1. K-State home
  2. »Engineering
  3. »BAE
  4. »Extension Programs
  5. »Kansas AgrAbility Project
  6. »FAQ

Biological and Agricultural Engineering

FAQ

How much does a modification cost on a 4020 John Deere 1965?

That depends on what type of a modification you want to make to the tractor. Can you be more specific?

I am a diabetic, arthritis, and will Be tested for heart disease. Our Equipment is old. Are there Any programs that would help Buy a tractor with a cab. Also A combine with a cab with air Conditioning, and a no till Drill so would not need to Spend so many hours in The field. Thank you

Vocational Rehabilitation can provide some funding for equipment modifications or purchases to help accommodate a limitation in agriculture. You can contact VR directly through your local Social Rehabilitation Services office or you could provide your contact information and we could have an AgrAbility Ag Specialist get in touch with you to explain the program and help you get in touch with VR. Equipment upgrades are legitimate farm expenses and if they are necessary for you to continue farming, a local ag banker, your local Farm Credit office, or even the USDA Farm Service Agency might be able to help with a loan.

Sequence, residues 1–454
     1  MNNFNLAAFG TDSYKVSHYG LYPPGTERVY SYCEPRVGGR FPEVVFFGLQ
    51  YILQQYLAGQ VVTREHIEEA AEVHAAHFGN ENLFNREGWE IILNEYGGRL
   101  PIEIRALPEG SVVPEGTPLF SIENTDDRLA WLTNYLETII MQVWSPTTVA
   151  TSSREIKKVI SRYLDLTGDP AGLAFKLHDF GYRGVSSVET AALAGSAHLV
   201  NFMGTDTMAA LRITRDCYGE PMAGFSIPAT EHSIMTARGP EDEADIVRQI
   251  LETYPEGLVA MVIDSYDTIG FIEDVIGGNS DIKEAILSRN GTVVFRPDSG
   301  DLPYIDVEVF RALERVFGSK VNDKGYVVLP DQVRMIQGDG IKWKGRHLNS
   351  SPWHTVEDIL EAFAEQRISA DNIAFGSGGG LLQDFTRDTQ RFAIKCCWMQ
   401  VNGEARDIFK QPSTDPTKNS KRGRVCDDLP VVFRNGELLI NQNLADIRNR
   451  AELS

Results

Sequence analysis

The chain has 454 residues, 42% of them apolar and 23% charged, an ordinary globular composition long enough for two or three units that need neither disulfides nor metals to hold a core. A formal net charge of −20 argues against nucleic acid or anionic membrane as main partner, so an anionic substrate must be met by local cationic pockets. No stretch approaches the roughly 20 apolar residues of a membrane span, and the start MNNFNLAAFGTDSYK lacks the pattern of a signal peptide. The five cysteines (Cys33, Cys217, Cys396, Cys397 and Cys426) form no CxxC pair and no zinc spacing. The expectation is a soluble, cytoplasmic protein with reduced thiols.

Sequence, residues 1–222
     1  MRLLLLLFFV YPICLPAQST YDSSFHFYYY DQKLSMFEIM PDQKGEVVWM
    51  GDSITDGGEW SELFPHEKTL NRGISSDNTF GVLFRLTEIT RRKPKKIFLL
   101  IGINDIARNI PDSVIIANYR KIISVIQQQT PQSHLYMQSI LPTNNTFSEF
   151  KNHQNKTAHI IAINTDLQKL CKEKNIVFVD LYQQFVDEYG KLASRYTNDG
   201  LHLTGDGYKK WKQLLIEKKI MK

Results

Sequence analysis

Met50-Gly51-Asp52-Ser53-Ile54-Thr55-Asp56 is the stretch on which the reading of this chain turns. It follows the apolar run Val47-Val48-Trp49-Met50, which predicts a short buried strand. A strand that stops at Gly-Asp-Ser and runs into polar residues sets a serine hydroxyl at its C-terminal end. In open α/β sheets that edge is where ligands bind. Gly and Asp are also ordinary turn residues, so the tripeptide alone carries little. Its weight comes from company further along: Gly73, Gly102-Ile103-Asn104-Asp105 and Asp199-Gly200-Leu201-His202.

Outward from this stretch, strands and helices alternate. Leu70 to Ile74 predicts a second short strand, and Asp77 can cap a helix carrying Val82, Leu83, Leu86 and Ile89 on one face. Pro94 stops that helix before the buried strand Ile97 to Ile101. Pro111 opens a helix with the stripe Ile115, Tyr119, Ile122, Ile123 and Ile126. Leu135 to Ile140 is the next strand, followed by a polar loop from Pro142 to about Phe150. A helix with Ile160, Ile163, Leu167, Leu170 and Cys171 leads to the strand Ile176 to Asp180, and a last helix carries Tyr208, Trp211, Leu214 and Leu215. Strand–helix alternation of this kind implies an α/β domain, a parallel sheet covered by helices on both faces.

How does a person apply?

Simply call our toll free number (1-800-526-3648) and ask to have someone with AgrAbility return your call. The Assistive Technology Ag Specialist who returns your call will discuss your situation and what modifications might be needed to keep farming and will help determine if a farm visit will be necessary.

Are there costs associated with receiving services from Kansas AgrAbility?

No. AgrAbility projects are not allowed by their contracts with USDA-NIFA to charge customers for services provided within the scope of the program guidelines. Kansas AgrAbility may recommend resources, assistive technology, or expert consulting services (such as a professional engineer). There may be costs associated with referrals.

Do I have to live on a farm to receive AgrAbility services?

No. Anyone with a disability, disease, or disorder who is engaged in farming, ranching, or other agriculture-related occupation is eligible to receive services from the Kansas AgrAbility Project.